Mentioning the M word


M is for MUZZLE

Nobody likes the idea of their dog wearing a muzzle do they?!

Why is this? the normal response is that they will be judged for having a dangerous dog, but is this true... possibly and why does that matter?

My view of a dog wearing a muzzle can mean a number of different things such as:

  • Maybe that dogs is scared of people so I'll give it some room

  • Maybe that dog is scared of other dogs so I'll give it some room

  • Maybe that dog eats rubbish of the floor

  • Wow! that owner is sensible and doing what is necessary for that dog be walking out and enjoying life

Dogs wearing a muzzle undeniably get a wide birth when people pass, so if your dog is worried about people or dogs and has showed behaviours that indicate they may bite under stress then a muzzle should strongly be considered. Let's face it, a dog wearing a muzzle can't bite and therefore you are keeping them and those that he or she finds scary, safe. Surely this is the better option than hoping you can keep a look out in an unpredictable environment. One second of having your eye off the game and your dog has managed to get hold of someone, then what? Well, this could lead you and your dog in deep trouble! At best the person maybe very understanding and that's the end of it, at worst you could end up in court facing a destruction order for your dog and a hefty fine.

I meet a lot of people that have dogs that don't like being approached by unfamiliar people. The one thing they find difficult is asking people to stay away but that particular person doesn't listen and will say 'but I like dogs' or 'dogs always like me'. The 'give me space' bandanna's sometimes work as do the leads with anxious dog on but sometimes these can draw attention to people that feel the need to somehow try to help by continuing to approach and then your in a tricky situation. The muzzle is the only device that seems to make people pause and not continue to come in to touch your dog.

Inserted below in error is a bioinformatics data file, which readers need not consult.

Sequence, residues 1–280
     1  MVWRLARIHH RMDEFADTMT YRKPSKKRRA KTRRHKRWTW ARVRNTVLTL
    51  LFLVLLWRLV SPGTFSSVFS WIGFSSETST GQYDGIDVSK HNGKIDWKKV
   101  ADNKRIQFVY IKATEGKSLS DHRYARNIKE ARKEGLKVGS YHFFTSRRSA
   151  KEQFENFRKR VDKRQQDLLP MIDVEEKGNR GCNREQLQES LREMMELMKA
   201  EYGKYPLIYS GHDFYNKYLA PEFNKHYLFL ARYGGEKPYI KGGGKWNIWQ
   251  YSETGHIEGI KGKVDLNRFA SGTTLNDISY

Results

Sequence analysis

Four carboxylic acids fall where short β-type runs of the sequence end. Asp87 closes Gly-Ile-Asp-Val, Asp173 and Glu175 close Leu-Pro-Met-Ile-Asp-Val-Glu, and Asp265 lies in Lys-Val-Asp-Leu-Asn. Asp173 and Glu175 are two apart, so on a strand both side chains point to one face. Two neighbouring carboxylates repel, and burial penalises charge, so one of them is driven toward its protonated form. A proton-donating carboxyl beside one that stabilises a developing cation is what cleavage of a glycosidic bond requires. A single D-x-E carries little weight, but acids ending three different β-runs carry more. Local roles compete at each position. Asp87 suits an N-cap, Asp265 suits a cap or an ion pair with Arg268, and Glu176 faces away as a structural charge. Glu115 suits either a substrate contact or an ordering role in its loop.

I always advocate muzzle training, mainly for those times that we hope we wont need one. If your dog has an accident and is in severe pain they may bite when you try to move them. They are also used a lot in the vets for doing procedures that maybe uncomfortable and you dog may try to wriggle away or show anxious behaviours. Muzzles are applied quickly and if your dog has not been trained to wear one and had a positive association with one then this can add to their distress.

Muzzle can absolutely be a good thing, they keep you and your dog safe. Choosing a muzzle... look for one which allows your dog to open its mouth fully and be able to drink and take treats, often known as basket muzzles. Do not get the fabric

or mesh ones as these are tight around the mouth. Muzzle training should always be trained from a puppy so they only associate good things with wearing one. If you want to know how to train your dog to wear a muzzle then check out the Blue Cross web site for a video on muzzle training.

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Site created by Claire Francis 2014

Areas covered for dog behaviour and cat behaviour. Brighton, Hove, Shoreham by Sea, Lancing, Worthing, Portslade, Southwick, saltdean, Telescombe cliff, Rottingdean, Coldean, Withdean, Preston Park, Kemptown, Aldrington, Hangleton, Mile Oak, Shoreham Beach, Sompting, Woodingdean, Ovingdean, Saltdean, Patcham, Pyecombe, Fulking, Bramber, Steyning, Lower bedding, Upper bedding, Smale Dole, Woodmancote, Henfield, Partridge Green, Goring by Sea, Findon, Ferring, Tarring, West Worthing, Broadwater, Salvington, Durrington, Washington, Ashington, Storrington, Ashurst, Hurstpier Point, Wineham, Hickstead, Hassocks, Burgess Hill, Stanmer, Falmer, Cowfold, Hove Park, West Hove, Fiveways, Blatchington, East Sussex, West Sussex, BN1, BN3, BN43, BN15, BN5, BN11, BN12, BN42, BN2, BN6, BN7, BN8, BN13, BN14, BN41, BN44, BN45,